This article will look at the various other Metal Gear mechas throughout the video game series.
The RAXA and the ICBG Metal Gears appear in the “Portable Ops” video game featuring the original Snake/Big Boss=built by Sokolov, who somehow survived “Snake Eater”. The games sort of occupy an ambiguous point in the Metal Gear timeline, with Kojima stating some events happened, some didn’t. Since Snake/Big Boss seems surprised in Peace Walker that a Metal Gear-like design is being developed (The Basilisk, or “Peace Walker”), I’m guessing these two aren’t really considered a major part of the timeline.
The Walker Gear appears in Metal Gear Solid V:The Phantom Pain. This is a smaller, manned model (Although it can also function independently.). Although a main, mass-produced version is used by XOF/Cipher and their associated allies, Huey Emmerich soon designs another model for Venom Snake/Big Boss and Diamond Dogs-that can also be customized and loaded with a variety of different weapons and modes.
D-Walker also has a big brother Huey develops exclusively for D-Dogs, called “Battle Gear”. However, this particular derivative-which is more a hover-tank than a walking one, hence not a true “Metal Gear”-is not really utilized in the game, except in deployment missions in which you assign D-Dog mercs to help with various causes.
The same principles for Walker Gear and Battle Gear would later be utilized with Metal Gear Gustav, a slimmed-down version of Metal Gear G used by the more villainous Big Boss in Zanzibar Land. Although they don’t appear in the release version of Metal Gear II.
The Metal Gear II (in game) was in the ‘alternate’ Metal Gear sequel, Snake’s Revenge, for the NES. It’s developed alongside mass-produced versions of the TX-55.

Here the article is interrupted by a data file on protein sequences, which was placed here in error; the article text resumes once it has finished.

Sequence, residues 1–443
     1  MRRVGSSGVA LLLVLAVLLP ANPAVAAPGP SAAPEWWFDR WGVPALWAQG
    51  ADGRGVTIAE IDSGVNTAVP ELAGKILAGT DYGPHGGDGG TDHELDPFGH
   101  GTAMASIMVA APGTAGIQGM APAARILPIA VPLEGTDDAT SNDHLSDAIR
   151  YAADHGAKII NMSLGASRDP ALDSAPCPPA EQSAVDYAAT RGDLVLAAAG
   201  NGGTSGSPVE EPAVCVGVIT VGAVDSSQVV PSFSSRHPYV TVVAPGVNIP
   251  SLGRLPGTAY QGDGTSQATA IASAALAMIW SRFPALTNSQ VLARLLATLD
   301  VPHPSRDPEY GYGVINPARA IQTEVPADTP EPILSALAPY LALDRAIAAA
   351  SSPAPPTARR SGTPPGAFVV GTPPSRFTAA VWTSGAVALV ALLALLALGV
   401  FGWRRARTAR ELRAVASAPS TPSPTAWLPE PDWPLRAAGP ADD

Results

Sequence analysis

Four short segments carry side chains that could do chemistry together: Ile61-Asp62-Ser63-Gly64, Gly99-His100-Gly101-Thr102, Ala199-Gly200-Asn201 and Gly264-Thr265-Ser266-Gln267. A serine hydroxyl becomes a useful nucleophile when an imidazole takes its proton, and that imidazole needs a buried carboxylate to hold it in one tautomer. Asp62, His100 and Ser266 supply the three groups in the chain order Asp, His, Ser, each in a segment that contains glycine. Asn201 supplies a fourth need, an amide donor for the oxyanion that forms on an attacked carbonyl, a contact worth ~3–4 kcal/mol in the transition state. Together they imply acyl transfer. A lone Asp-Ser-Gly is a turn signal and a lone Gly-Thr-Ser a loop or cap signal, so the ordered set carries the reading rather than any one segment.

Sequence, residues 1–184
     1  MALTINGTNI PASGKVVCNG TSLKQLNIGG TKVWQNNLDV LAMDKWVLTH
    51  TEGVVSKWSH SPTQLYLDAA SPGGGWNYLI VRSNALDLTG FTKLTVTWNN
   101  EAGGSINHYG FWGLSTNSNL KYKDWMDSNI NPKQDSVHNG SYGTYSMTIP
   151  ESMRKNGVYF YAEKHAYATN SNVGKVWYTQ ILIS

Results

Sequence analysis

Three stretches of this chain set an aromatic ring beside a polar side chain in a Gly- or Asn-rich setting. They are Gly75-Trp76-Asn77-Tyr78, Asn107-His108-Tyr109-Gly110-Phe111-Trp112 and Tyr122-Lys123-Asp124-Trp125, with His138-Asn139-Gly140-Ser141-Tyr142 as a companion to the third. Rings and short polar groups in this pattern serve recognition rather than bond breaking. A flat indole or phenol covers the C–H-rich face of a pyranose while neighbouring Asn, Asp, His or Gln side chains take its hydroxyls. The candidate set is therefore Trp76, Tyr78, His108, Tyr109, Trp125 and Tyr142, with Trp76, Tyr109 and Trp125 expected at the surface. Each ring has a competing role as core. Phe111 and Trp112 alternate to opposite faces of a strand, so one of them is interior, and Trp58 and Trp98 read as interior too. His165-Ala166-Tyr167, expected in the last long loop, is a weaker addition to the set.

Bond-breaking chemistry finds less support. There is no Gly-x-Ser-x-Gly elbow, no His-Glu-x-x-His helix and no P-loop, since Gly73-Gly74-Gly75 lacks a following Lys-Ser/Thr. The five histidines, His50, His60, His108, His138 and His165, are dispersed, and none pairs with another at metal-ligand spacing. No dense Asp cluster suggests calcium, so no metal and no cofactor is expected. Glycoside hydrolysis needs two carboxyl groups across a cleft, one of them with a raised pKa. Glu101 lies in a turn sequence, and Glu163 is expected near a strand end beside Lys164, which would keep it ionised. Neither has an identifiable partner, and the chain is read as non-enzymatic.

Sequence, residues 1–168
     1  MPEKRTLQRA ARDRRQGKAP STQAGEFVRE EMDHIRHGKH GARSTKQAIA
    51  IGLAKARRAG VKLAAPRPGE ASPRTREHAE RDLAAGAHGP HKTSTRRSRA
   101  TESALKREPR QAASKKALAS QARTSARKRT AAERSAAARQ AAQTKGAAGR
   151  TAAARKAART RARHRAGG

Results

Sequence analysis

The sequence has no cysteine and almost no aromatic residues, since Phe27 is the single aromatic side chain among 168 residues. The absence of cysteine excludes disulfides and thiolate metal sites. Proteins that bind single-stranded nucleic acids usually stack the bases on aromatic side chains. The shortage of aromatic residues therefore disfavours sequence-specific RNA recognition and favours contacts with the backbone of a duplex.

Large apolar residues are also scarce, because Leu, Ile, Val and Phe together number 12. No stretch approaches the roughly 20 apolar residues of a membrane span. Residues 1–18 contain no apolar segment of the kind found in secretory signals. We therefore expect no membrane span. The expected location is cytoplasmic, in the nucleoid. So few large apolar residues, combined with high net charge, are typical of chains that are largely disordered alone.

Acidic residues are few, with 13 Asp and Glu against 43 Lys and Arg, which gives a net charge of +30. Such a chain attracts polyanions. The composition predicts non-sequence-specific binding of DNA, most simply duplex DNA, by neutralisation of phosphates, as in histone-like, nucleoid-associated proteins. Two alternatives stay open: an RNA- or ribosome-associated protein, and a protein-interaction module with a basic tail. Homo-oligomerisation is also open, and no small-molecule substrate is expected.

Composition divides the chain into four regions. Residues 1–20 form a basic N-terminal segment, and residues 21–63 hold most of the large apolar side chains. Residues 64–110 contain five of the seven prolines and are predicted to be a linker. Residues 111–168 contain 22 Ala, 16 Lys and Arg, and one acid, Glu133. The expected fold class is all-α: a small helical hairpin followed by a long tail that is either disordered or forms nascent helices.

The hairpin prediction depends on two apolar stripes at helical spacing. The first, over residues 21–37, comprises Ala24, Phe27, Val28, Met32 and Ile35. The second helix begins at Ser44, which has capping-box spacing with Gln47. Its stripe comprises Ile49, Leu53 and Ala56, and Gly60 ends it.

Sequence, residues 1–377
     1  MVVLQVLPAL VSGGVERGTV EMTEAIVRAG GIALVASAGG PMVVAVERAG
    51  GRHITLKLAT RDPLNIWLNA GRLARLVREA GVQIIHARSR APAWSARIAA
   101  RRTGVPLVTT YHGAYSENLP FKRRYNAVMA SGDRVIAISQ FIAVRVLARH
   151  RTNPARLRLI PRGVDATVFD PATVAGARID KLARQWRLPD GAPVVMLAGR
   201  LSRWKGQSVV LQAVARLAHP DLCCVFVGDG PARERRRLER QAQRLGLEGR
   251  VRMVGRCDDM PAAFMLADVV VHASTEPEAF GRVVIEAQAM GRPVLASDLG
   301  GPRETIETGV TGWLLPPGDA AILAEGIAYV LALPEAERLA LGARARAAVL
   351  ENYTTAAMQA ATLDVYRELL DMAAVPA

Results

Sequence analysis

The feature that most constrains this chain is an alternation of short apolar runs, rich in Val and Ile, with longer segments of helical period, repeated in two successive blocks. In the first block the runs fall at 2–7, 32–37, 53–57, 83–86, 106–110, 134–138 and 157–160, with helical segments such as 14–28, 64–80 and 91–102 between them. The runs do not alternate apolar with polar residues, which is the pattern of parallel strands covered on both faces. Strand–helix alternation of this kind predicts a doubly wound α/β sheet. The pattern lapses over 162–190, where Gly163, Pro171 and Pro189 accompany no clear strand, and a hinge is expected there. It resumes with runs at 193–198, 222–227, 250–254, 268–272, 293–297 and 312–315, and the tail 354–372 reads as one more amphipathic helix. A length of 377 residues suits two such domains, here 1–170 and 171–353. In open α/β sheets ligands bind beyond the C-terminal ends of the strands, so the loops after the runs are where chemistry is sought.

The Gekko, or IRVING, is a small design using an AI, and developed using inspiration from REX (The head) and RAY (For the legs). It also makes bizarre, cow-like noises, and possesses some organic components as well. In addition to being a pain for Solid Snake, they also often confront his ally Raiden (pictured), in both MGS4 and Metal Gear Rising: Revengeance.
There’s also the creepy-looking smaller model, the Dwarf Gekko.
Also in IV, we’ve got the cute Metal Gear Mk. II. This tiny robot serves as a sort of camera allowing Snake’s friend Otacon to analyze and help Snake during the game. Superficially, it’s body resembles TX-55, except with it’s larger relative’s nuclear payload replaced with a small flip video screen.
It’s later destroyed by Ocelot’s forces, but it provides vital Intel before doing so.
It’s later replaced by a Mark III model.
Interestingly, the Mk II actually debuts in an older game, Kojima’s Blade-runner inspired adventure game SNATCHER (Developed shortly after the original MG came out). Given that it’s set in the future, and Metal Gears are mentioned as having existed in the past half-jokingly, this is sort of a future Mark from the last two. (Whether Snatcher is in any form of MG continuity though, who knows?)
Raiden also gets to confront his very own Metal Gear nemesis, the anti-cyborg EXCELISUS, in addition to the RAY and GEKKOS, in Metal Gear Rising.
Metal Gear GANDER appears in Metal Gear Solid: Ghost Babel, a game boy game which served as an alternate sequel to the original Metal Gear, and a different take on “Solid”‘s story. Like it’s ‘canon’ counterpart REX, it is stolen and used by the villains.
Finally, we have the KODOQUE and CHIDAOTH, both from Metal Gear Acid, the somewhat more goofy, non-canon, more card-based games for the PSP. They’re considerably more colorful than your average Metal Gears.